Drought And Our Staple Crops

Drought And Our Staple Crops

Drought, flood and other extreme weather events brought on by climate change should cause us to rethink our staggering dependance on a few, vulnerable crops.

As you’ve probably noticed, the drought that hit the US starting last summer has not caused society to collapse, nor are we experiencing a drought-induced famine like the one that took place three years ago in the Horn of Africa in which almost 1 billion people went hungry.  So why should you care if the nation’s staple crops of wheat, corn and soybean suffered sizeable declines?  To answer this question, let’s first take a look at how dependent we are on these cropsthey are, after all, called staples for a reason.

Corn, soy and wheat in all of their various forms

When we talk about experiencing significant reductions in yields of these key crops, we’re not saying that there is going to be a shortage of corn available for this summer’s BBQ.  These crops, and the variety of byproducts that are created from them, are used to make many of the products that we use in everyday life. They are made into everything—from the obvious food products like cereal and corn syrup, to the not so obvious, like meat, dairy and eggsas the primary ingredients of their feed. Furthermore, corn and soy are increasingly used to make non-food products, like biodiesel and all of those nifty bioplastics that we’re seeing more of these days, such as your biodegradable to-go fork or trash bag. Damages to these crops means that there will be less availability of these products—and what is available will be costly.  One can easily see that if a long lasting, severe drought were to take hold of the country at the same time that others occur around the world, it is not farfetched that many of us will not be able to afford foods like meat and dairy.

Moving grain means moving water

When there are restrictions on supplies of staple crops, producers look further and further away to import their livestock feeds and key ingredients for processed foods, biofuel and bioplastics.  Importing these goods not only means an increase in greenhouse gas emissions, but it also means the movement of water. [callout]216 gallons of water (818L) is required to produce 1 pound of soybeans.  Soybean production accounts for 4.5% of the total water used in global agricultural crop production.   132 gallons of water (500L) is required to produce 1 pound of wheat. Wheat production accounts for 12% of the total water used in global agricultural crop production.   108 gallons of water (409L)  is required to produce 1 pound of corn.  Corn production accounts for 8% of the total water used in global agricultural crop production.[/callout] When we import crops like soy, corn and wheat we are taking more than just the imported product—we are taking another country’s water.  In many of our most agriculturally productive regions around the world, water is scarce and piped in from great distances.  We import valuable resources from countries all the time, one may point out.  This transfer of water goes both ways, as we don’t just import staple crops but export them as well. According to the USDA, the US is the largest producer and exporter of both corn and soybeans.  And even though the US produces a minimal 10% of the world’s wheat, on average it has been the world’s biggest wheat exporter.  As a side note, USDA statistics on our staple crop imports and exports state that the majority of corn traded on the international market is used for animal feed.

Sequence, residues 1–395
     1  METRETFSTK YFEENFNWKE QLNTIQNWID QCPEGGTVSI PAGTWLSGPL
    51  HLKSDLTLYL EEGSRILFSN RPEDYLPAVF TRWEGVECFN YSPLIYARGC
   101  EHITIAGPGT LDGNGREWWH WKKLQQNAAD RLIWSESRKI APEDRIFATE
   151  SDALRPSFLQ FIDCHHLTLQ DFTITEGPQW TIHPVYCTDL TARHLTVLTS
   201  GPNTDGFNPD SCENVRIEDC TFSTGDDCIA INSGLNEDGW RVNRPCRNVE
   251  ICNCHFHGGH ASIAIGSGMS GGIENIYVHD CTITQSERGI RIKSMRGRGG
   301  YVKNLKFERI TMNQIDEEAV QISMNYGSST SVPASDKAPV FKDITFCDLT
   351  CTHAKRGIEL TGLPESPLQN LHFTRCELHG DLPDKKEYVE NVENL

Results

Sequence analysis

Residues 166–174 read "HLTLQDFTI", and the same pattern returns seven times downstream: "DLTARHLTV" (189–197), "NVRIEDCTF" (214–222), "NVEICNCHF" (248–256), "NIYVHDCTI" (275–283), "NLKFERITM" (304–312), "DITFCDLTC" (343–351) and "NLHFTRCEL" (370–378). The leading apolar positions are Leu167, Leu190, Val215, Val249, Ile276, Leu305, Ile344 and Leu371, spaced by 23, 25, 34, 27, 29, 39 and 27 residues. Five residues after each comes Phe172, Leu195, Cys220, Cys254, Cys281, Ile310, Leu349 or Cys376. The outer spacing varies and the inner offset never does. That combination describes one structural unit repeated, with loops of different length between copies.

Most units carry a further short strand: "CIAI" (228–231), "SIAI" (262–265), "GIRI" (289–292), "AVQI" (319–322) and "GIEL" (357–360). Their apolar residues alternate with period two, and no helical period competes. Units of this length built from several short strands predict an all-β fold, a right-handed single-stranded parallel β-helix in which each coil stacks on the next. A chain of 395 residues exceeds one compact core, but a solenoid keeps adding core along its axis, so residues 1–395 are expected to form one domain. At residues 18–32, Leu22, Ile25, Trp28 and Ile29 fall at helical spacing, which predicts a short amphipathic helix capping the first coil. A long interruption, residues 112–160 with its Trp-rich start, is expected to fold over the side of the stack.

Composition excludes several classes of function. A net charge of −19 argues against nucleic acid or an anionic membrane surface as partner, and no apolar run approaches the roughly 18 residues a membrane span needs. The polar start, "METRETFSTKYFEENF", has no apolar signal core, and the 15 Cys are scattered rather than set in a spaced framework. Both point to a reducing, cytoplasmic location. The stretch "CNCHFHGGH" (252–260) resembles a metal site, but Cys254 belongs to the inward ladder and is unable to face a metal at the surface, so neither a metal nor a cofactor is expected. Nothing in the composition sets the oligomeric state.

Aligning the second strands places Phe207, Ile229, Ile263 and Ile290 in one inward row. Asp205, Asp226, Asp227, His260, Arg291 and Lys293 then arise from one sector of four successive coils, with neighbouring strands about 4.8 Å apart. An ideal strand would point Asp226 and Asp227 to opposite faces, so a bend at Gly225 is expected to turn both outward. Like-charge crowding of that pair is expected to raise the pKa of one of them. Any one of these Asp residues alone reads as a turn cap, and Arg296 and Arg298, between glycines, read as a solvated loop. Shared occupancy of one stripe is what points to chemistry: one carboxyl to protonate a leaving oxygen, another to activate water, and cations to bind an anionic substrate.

Growing population means growing demand

It has been predicted that by 2050, the world’s population will reach 9 billion.  Under these circumstances the Food and Agriculture Organization (FAO) has projected that food needs will increase by 70 percent.  Demand for meat and dairy has already increased in developing countries where it is becoming more common in the general population’s diet.   At the same time that food needs are rising, the FAO states, it has been predicted that conditions created by climate change will greatly reduce global average yields. So while food security is being threatened by climate change,  the world’s population is getting larger—putting a greater demand on food supplies.  As the unpredictable effects of climate change and a growing population stress our agricultural systems, it is essential to build resiliency into these systems.  Depending on just two to three crops for much of our daily needs is a formula for catastrophe.

How to bolster personal resiliency

In the face of unpredictable climate change, our food system should be one that promotes biodiversity and targets crops which are notably more adaptable to such changes. As consumers, it is important to support local farmers who employ sustainable methods of cultivation.  Sourcing locally means that extreme weather events which affect other regions of the country, or even other parts of the world, will not pose such a great threat to your food supply. To further one’s personal resiliency, it is important to recognize the foods and other products that include, or are based upon corn and soy.  Claiming a healthy level of independence from these products will help to ensure that yield fluctuations will not affect you indirectly.   Unless you are a vegan, this particularly entails choosing local, 100% grass fed beef and dairy. Read more on how you can build resiliency in your food system.